Ramona resident Hannah Anderson shows she has the moxie to become a pro golfer


Ramona resident Hannah Anderson is the youngest golfer to win the San Vicente Women’s Golf Association Club Championship.Now the 19-year-old has her sights set on traveling throughout the state to compete against other club champions and eventually become a professional golfer.Anderson won the title on April 18. She received a medal and has her name engraved on a trophy displayed in the San Vicente Golf Resort’s clubhouse.“It was a joy to win and it was really cool to see the women support me through my journey,” Anderson said.

The Ramona High grad of 2020 plays softball and practices mixed martial arts in addition to playing golf competitively.(Julie Gallant)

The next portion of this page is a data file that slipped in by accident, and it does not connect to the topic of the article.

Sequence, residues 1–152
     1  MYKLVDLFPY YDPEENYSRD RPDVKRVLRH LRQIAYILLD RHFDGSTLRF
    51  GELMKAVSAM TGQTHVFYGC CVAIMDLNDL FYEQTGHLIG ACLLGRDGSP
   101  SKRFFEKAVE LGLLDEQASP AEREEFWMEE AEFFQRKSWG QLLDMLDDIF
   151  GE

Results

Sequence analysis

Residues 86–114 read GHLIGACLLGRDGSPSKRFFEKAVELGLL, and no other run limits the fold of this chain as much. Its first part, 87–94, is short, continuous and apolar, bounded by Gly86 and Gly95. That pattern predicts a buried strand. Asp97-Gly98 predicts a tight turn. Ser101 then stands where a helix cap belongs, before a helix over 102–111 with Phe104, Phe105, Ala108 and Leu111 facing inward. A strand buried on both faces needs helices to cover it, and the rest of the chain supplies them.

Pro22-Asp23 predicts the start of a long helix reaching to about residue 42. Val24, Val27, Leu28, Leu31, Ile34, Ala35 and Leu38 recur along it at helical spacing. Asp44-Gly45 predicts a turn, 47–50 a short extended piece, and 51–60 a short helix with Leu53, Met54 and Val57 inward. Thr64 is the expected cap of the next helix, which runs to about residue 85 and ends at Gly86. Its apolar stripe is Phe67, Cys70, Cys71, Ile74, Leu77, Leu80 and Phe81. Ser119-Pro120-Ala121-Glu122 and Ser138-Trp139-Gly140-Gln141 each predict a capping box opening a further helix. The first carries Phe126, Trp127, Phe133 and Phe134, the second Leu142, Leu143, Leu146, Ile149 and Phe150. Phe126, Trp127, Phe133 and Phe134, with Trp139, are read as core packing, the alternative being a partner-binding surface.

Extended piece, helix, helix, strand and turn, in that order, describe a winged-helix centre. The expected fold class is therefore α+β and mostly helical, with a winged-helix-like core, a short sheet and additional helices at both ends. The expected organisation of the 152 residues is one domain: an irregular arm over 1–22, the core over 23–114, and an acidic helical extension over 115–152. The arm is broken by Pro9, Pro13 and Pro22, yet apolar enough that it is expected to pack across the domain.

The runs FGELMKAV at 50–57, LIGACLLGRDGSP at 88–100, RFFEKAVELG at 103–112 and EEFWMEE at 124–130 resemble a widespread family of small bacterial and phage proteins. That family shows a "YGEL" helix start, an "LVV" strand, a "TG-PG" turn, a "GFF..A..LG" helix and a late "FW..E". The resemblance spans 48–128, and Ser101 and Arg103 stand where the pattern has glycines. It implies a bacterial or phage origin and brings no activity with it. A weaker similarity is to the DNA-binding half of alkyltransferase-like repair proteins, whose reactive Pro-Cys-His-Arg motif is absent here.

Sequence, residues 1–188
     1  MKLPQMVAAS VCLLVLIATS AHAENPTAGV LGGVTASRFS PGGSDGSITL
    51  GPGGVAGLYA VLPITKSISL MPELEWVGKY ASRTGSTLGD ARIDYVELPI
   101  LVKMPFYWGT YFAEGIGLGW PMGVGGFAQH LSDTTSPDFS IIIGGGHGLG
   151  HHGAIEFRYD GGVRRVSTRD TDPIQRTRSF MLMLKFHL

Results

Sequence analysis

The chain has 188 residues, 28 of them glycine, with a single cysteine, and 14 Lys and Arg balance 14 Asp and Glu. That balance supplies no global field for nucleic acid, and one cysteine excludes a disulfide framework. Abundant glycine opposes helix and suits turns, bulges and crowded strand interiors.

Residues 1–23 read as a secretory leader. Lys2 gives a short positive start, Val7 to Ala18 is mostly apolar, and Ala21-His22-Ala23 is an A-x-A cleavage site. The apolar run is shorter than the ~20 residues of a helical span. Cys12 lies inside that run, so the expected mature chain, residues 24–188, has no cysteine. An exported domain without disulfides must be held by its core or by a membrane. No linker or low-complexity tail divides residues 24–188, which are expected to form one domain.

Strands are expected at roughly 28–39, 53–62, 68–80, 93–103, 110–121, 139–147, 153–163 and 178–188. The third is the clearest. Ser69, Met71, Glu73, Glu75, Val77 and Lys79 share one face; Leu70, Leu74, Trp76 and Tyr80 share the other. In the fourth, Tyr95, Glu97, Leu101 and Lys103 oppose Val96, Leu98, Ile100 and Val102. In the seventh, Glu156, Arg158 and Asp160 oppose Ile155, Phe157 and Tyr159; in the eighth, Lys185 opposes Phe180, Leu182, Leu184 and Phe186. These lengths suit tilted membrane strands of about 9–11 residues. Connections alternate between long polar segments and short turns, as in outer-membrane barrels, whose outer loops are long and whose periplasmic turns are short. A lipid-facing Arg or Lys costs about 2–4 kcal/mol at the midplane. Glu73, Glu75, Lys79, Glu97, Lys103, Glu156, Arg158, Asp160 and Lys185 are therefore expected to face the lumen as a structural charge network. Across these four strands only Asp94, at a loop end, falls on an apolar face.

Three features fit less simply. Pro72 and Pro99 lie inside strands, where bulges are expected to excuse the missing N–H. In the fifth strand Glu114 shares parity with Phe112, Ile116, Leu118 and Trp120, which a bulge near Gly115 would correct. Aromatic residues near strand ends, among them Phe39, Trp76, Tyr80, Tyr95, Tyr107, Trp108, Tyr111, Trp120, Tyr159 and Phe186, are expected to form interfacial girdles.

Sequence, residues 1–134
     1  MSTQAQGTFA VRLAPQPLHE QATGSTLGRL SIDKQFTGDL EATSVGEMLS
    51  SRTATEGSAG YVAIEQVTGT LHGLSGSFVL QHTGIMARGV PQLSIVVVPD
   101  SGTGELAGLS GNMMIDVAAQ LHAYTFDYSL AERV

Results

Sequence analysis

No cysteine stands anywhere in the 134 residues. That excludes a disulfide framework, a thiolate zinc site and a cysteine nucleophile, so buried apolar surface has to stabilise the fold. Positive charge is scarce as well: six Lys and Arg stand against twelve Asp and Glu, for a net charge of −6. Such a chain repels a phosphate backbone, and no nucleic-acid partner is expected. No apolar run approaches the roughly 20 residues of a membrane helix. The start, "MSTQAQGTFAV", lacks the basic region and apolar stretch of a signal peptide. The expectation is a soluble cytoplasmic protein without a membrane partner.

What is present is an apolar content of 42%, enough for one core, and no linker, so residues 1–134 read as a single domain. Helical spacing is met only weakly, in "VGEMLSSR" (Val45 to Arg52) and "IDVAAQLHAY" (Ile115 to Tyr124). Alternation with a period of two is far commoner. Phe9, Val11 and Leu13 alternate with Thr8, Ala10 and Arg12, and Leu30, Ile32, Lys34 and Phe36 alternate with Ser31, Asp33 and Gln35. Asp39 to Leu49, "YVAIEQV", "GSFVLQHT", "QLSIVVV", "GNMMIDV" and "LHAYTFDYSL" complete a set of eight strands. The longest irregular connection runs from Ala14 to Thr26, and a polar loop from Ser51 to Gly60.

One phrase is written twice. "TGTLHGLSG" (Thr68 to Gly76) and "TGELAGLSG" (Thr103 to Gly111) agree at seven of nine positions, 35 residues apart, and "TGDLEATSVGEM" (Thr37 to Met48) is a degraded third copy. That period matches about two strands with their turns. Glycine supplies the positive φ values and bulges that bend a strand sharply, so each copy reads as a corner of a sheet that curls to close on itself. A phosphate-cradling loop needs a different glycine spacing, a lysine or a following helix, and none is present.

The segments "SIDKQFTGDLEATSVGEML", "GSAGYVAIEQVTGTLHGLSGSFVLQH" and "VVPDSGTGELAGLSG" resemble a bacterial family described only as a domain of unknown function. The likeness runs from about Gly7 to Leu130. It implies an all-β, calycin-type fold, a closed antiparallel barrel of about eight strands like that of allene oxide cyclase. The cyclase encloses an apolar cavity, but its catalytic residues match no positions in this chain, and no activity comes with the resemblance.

Beyond continuing to improve her game, Anderson said she plans to combine her interest in sports and fashion by starting a women’s sports clothing brand. She seeks to fill a gap in clothing and accessories for women who play sports and want affordable attire that fits various body types, she said.For now, Anderson said she is studying business administration at San Diego Mesa College with the intention of transferring to a four-year university at the end of 2022. Although she plays softball for Mesa, Anderson said she’s unable to play golf for the college because the school canceled its golf program. Anderson said she suspects it was dropped due to a decline in popularity, but oddly, as COVID advanced golfing came into vogue again.“It’s the safest sport to play at this time because you don’t have to have contact with anyone and you can ride the carts separately,” said the 2020 graduate of Ramona High School.Anderson is staying in shape by playing softball, she’s recently returned to practicing mixed martial arts, and she’ll stay on top of her golf game by entering the Southern California Golf Association next month. With a 5.1 handicap, Anderson expects she will be competing in SCGA tournaments throughout Southern California that attract golfers who want to play professionally.Once she completes her bachelor’s degree, Anderson aspires to enter the Ladies Professional Golf Association. The organization for female golfers runs the LPGA Tour, a series of weekly golf tournaments for elite female professional golfers from around the world.“Once I transfer to a university I’ll be playing on courses the pros are playing on and the people I’ll be playing against in college will likely go professional,” said Anderson, although she’s undecided on which university she’ll attend in California. “I’ll be meeting people and getting experience.”Since Anderson won the “gross” San Vicente Women’s Golf Association Club Championship, she will be able to play against women champions from other golf clubs in California starting later this year or early next year. She said it will be an opportunity for her to travel, enjoy a great experience and improve her game.